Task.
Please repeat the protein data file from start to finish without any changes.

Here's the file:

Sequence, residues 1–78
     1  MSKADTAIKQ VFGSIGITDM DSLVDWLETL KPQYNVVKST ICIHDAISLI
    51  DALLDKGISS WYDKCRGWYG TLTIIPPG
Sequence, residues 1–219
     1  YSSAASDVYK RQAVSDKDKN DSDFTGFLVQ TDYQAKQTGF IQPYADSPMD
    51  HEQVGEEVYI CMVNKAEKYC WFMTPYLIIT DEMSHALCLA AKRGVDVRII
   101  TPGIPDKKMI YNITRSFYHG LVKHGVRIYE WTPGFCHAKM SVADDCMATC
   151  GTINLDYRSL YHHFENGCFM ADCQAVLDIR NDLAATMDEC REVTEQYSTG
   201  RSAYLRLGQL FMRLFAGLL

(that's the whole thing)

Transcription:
Sequence, residues 1–78
     1  MSKADTAIKQ VFGSIGITDM DSLVDWLETL KPQYNVVKST ICIHDAISLI
    51  DALLDKGISS WYDKCRGWYG TLTIIPPG
Sequence, residues 1–219
     1  YSSAASDVYK RQAVSDKDKN DSDFTGFLVQ TDYQAKQTGF IQPYADSPMD
    51  HEQVGEEVYI CMVNKAEKYC WFMTPYLIIT DEMSHALCLA AKRGVDVRII
   101  TPGIPDKKMI YNITRSFYHG LVKHGVRIYE WTPGFCHAKM SVADDCMATC
   151  GTINLDYRSL YHHFENGCFM ADCQAVLDIR NDLAATMDEC REVTEQYSTG
   201  RSAYLRLGQL FMRLFAGLL